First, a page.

128. 128. 128Circulation— Effect of malfunction circulation- No circulation result in forced shut down- high rate of circulation- high circulation rate need more power of blower- low rate of circulation
  129. 129. 129Circulation— Cause of malfunction circulation- insufficiency air flow to loop seal nozzle- insufficient air pressure to loop seal- plugging of HP blower inlet filter- blocking or plugging of loop seal nozzle-
  130. 130. 130Tube leak— Water tube leak- furnace pressure rise- bed temperature reduce- stop fuel feeding- open start up valve- don’t left low level of drum- continue feed water until flue gas temp < 400 C- continue combustion until complete- small leak follow normal shut down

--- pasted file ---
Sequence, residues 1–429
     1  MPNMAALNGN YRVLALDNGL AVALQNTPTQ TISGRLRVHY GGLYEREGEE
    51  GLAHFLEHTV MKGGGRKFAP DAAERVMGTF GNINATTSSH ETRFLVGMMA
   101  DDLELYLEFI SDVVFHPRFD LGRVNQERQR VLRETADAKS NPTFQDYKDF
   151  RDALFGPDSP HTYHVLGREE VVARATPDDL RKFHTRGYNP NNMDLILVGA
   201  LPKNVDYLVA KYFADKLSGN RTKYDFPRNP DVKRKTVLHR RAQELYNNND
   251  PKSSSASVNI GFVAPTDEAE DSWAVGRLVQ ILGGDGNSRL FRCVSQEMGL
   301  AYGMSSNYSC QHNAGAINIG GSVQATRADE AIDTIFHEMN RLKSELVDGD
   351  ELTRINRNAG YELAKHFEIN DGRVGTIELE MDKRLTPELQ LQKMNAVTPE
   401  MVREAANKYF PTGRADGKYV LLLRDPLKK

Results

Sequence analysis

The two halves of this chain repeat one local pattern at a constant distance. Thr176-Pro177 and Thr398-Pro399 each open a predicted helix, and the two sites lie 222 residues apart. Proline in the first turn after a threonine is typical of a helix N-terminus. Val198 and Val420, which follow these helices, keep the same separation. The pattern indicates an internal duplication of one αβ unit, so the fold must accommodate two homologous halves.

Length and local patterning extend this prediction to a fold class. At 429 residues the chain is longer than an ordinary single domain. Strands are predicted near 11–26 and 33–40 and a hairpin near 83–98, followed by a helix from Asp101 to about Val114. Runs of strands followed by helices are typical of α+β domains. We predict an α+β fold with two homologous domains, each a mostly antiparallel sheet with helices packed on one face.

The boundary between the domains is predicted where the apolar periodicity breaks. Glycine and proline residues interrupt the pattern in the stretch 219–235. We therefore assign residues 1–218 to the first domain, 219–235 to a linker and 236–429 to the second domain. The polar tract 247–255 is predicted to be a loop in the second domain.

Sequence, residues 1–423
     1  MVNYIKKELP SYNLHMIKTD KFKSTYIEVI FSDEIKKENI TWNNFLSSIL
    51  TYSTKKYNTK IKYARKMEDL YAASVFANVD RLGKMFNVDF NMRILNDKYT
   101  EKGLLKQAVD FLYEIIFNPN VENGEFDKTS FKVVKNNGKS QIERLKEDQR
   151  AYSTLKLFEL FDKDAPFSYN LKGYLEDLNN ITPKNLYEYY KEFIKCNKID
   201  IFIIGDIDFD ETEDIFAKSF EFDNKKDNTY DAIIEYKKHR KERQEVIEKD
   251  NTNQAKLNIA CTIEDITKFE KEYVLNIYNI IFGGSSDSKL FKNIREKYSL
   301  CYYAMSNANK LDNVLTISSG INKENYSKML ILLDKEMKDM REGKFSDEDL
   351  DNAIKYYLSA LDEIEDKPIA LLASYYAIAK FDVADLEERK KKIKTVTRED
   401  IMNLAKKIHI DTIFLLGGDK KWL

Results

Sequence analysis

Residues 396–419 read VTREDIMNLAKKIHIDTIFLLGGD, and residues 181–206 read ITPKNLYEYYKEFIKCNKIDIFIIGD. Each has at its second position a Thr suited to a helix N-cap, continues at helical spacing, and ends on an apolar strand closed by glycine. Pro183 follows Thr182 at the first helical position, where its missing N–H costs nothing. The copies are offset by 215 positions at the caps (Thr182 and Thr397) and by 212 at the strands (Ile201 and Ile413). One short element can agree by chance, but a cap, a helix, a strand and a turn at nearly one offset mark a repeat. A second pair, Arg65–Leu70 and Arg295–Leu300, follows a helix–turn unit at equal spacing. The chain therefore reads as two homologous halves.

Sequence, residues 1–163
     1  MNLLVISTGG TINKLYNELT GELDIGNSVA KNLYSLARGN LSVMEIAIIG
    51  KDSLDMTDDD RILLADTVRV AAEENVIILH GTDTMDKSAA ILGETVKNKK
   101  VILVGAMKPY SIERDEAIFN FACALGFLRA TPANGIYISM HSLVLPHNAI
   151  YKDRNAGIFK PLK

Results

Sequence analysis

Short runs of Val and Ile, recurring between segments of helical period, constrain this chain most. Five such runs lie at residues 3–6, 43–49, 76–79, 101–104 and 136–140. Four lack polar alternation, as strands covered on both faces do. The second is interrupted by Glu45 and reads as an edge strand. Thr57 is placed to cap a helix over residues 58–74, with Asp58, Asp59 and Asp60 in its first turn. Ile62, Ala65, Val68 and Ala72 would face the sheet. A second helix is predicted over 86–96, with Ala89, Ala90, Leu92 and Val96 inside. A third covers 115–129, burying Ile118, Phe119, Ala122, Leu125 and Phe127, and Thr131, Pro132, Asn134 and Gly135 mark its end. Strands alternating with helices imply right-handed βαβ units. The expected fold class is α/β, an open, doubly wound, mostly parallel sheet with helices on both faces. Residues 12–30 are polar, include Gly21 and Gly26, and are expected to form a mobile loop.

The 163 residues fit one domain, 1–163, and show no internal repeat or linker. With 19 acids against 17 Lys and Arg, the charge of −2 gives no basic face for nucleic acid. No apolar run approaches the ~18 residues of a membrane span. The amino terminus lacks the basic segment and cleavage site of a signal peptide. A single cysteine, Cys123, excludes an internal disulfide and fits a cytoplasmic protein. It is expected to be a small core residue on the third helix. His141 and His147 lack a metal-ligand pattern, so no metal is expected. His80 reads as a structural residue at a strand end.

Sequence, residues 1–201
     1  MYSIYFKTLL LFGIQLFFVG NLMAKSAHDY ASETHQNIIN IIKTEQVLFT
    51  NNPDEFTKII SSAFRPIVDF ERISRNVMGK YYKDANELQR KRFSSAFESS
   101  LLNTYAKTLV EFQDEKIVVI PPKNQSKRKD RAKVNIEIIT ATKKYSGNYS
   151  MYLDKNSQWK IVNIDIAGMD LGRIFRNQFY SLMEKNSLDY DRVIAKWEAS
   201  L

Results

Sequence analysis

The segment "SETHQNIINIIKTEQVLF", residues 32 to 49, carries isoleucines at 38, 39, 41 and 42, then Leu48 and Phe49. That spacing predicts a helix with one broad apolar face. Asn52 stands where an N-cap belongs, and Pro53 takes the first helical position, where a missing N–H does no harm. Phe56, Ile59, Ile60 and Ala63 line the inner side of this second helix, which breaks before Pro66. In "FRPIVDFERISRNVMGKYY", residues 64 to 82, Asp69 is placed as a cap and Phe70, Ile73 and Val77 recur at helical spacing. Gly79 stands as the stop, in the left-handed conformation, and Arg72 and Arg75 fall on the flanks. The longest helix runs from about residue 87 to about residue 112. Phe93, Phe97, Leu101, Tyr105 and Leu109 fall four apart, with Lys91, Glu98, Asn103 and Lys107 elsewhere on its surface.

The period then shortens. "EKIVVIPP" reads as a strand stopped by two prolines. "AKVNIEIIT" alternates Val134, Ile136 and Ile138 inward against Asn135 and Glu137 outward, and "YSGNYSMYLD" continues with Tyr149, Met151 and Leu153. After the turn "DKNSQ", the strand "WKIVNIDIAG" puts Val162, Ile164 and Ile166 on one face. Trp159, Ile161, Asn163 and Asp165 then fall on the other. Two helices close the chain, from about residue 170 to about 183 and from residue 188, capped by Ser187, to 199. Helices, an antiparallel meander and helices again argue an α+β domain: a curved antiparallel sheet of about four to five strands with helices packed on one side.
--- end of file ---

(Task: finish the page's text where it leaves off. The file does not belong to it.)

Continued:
131. 131. 131Drum levelSudden loss of drum level- when the cause is known and immediately correctablebefore level reach minimum allowable. Reestablish steamdrum level to its normal value and continue boileroperation-if the cause is not known. Start immediate shut downaccording to emergency shut down procedure
  132. 132. 132Drum levelGradual loss of drum level- boiler load shall be reduced to low load- find out and correct the problem as soon as possible- if can not maintain level and correct the problem, boilermust be taken out of service and normal shut downprocedure shall be applied.
  133. 133. 1337. Maintenance
  134. 134. 134Before maintenance work— Make sure that all staff are understand about safetyinstruction for doing CFB boiler maintenance work— Make sure that all maintenance and safety equipmentsshall be a first class
  135. 135. 135Overview Boiler MaintenanceRefractory and tube are the mainarea that need to be checked